From “Gulu Press Club ” To Northern Uganda Media Club

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The writer John Muto-Ono p’Lajur

 

By John Muto-Ono p’Lajur

When I was recently challenged by Moses Odokonyero to write something for the Northern Uganda Media Club (NUMEC) website, I thought I should pen a piece on the history of the organization since I was involved in its conception in 1993.

When I returned from detention at Luzira Maximum Security Prison in 1988, I was an ardent reader of newspapers from Ome Stores (a newspaper distributor at the time) located along Jomo Kenyatta Road, opposite the Gulu Main Market, on Atanga Family building. I was already interested in journalism, having twice unsuccessfully tried to join the profession.

There were three major newspapers by then: The New Vision, the Shari‘at and the Weekly Topic. I would always come to Ome Stores to compare how the three newspapers were covering the events unfolding in northern Uganda; the conflict between the Uganda government and the rebels of the Lord’s Resistance Army (LRA).

Somehow I didn’t like how New Vision was covering the war as some facts were always missing from their narratives like casualties on government side while they tended to rejoice over the deaths of the rebels, who sometimes were civilians caught in crossfire. I loved the way the Weekly Topic and Shari ‘at were covering the war.

When The Monitor was founded around September 1992, I fell in love with their reporting style instantly. I did not hesitate to apply for the position of a full time correspondent with the newspaper when opportunity knocked and on February 8, 1993, I got my appointment letter.

At that time Rupiny, the Lwo language sister paper of the New Vision, opened its offices on plot 1/3 Queens Avenue in Gulu town, just behind former Homeland booking office. I remember Pelegrine Otonga was in charge of the Office while Miss Gloria Laker Obwoyo was the office assistant (Miss Laker was to later also become a journalist). This was where “Gulu Press Club,” the precursor to NUMEC, was born one morning. We had only a table, a chair and a type writer belonging to journalist Pelegrine Otonga(Otonga was later to serve as Editor of Rupiny, the Lwo weekly)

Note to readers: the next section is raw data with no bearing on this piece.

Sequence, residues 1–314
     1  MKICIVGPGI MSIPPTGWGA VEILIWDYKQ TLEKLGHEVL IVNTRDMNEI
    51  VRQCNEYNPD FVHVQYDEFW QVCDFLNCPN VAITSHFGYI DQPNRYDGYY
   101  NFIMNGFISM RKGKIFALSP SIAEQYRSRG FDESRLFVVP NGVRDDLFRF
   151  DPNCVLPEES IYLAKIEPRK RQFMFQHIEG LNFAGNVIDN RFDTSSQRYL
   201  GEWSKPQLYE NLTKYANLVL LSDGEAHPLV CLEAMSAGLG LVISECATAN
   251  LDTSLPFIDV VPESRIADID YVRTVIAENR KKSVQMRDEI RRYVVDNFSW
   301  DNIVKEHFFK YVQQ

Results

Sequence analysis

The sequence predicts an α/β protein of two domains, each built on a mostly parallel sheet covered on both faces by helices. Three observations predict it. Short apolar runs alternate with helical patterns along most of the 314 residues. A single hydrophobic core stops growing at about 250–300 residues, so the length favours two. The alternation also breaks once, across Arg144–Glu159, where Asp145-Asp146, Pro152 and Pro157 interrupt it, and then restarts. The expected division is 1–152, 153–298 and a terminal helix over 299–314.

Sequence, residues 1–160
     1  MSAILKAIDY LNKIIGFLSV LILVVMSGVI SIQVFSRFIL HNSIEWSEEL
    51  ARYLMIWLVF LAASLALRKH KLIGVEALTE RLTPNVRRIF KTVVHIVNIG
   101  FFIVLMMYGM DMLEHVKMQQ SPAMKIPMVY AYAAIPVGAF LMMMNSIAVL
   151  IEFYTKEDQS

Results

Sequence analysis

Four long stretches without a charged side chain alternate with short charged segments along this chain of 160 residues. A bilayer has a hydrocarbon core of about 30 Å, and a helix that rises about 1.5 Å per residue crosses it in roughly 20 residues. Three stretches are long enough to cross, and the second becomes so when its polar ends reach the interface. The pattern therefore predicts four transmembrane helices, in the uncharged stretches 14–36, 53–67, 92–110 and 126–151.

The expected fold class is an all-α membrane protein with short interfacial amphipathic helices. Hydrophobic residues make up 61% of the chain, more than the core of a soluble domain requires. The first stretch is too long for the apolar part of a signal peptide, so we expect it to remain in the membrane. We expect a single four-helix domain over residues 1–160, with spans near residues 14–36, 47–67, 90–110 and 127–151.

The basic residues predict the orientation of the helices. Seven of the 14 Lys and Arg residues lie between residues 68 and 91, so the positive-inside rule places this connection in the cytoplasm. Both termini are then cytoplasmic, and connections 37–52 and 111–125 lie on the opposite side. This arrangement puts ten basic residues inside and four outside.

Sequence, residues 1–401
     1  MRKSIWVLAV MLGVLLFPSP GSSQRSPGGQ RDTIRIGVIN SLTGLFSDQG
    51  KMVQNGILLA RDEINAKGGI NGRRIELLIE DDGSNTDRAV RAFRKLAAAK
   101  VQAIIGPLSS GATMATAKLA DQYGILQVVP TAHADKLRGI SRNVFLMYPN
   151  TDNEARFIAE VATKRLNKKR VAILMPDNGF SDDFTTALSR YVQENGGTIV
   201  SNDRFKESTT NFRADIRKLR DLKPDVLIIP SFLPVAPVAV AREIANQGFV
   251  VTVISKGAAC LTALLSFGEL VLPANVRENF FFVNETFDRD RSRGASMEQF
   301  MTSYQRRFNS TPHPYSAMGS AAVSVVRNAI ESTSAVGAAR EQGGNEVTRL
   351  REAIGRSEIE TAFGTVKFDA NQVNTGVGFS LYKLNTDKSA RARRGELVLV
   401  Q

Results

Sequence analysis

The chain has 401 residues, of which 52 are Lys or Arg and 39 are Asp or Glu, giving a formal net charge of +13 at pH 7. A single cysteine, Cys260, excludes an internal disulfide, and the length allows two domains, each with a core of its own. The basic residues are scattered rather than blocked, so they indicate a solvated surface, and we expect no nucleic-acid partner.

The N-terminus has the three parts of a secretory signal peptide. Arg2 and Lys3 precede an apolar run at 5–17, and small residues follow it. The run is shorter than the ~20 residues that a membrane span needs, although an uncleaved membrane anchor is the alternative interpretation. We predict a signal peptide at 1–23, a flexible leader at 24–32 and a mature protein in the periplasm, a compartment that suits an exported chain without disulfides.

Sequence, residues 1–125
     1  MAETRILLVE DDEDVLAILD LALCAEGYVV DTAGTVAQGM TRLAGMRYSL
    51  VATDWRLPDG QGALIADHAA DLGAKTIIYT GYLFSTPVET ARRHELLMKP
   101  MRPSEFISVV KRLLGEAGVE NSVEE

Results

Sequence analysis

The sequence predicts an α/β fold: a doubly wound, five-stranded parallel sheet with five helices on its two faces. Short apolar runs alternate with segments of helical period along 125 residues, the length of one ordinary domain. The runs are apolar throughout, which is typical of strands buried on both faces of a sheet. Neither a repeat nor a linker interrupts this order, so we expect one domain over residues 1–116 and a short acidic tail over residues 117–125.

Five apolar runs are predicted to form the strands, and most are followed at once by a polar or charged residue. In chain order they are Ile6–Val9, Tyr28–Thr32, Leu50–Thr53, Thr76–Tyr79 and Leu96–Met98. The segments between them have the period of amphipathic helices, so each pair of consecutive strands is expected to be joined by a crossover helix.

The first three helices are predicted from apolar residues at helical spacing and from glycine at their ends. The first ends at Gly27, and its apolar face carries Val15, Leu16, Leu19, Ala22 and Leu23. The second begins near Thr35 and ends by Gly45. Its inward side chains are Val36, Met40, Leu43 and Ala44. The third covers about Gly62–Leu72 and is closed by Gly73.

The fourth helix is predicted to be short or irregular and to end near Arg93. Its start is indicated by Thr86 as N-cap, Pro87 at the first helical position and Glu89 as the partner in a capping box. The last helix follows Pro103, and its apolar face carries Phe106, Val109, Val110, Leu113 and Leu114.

We had to change the name to NUMEC after a need arose to register it as a Non- Governmental Organization (NGO) to carter for the entire greater northern Uganda affected by the insurgency and cattle rustling.

Our primary interest, then, was how to disseminate the true picture of what was happening in northern Uganda and see how the international community would intervene and bring the war to an end. Scoop was not part of our language but we would share tips among ourselves. I am glad that the armed conflict has ended and that there has been relative peace in the last ten years. I say Bravo to NUMEC and other partners.

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A press conference at the Northern Uganda Media Club

Editor’s NOTE:  NUMEC was formally registered as a company limited by guarantee in June 2009.  The organization is involved in capacity building for journalists so they are able to professionally report about northern Uganda. Furthermore, NUMEC runs a well-equipped media resource centre within its premises where journalists work on a daily basis. Additionally, the NUMEC resource centre is also regularly used for press conferences. Currently, NUMEC produces a fortnightly feature format radio programme called the Voices for Peace which focuses on peace building and reconciliation in northern Uganda. The radio programme broadcasts on several radio stations in Gulu but reaching audiences in northern Uganda.

Mr. John Muto-Ono p’Lajur is the former Gulu bureau chief for  The Monitor(now Daily Monitor) and former Chair of NUMEC . He now contributes for the New York based Black Star News. He also blogs here: mutonoblog.wordpress.com.

 

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